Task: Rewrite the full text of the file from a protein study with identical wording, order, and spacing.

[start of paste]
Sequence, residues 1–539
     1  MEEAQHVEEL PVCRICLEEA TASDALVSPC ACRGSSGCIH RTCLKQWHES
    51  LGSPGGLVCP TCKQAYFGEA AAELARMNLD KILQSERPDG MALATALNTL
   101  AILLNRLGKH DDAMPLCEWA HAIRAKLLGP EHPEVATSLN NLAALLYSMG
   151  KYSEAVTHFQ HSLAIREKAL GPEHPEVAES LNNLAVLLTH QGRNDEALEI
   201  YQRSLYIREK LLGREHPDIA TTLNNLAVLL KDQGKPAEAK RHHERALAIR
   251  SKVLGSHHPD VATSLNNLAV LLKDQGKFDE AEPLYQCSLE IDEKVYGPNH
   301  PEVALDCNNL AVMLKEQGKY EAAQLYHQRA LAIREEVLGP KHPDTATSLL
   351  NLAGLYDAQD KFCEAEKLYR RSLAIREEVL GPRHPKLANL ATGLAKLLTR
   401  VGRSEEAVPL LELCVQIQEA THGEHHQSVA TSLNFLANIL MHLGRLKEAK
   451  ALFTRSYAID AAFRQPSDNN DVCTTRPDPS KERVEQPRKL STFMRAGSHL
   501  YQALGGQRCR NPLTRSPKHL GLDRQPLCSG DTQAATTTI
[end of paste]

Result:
Sequence, residues 1–539
     1  MEEAQHVEEL PVCRICLEEA TASDALVSPC ACRGSSGCIH RTCLKQWHES
    51  LGSPGGLVCP TCKQAYFGEA AAELARMNLD KILQSERPDG MALATALNTL
   101  AILLNRLGKH DDAMPLCEWA HAIRAKLLGP EHPEVATSLN NLAALLYSMG
   151  KYSEAVTHFQ HSLAIREKAL GPEHPEVAES LNNLAVLLTH QGRNDEALEI
   201  YQRSLYIREK LLGREHPDIA TTLNNLAVLL KDQGKPAEAK RHHERALAIR
   251  SKVLGSHHPD VATSLNNLAV LLKDQGKFDE AEPLYQCSLE IDEKVYGPNH
   301  PEVALDCNNL AVMLKEQGKY EAAQLYHQRA LAIREEVLGP KHPDTATSLL
   351  NLAGLYDAQD KFCEAEKLYR RSLAIREEVL GPRHPKLANL ATGLAKLLTR
   401  VGRSEEAVPL LELCVQIQEA THGEHHQSVA TSLNFLANIL MHLGRLKEAK
   451  ALFTRSYAID AAFRQPSDNN DVCTTRPDPS KERVEQPRKL STFMRAGSHL
   501  YQALGGQRCR NPLTRSPKHL GLDRQPLCSG DTQAATTTI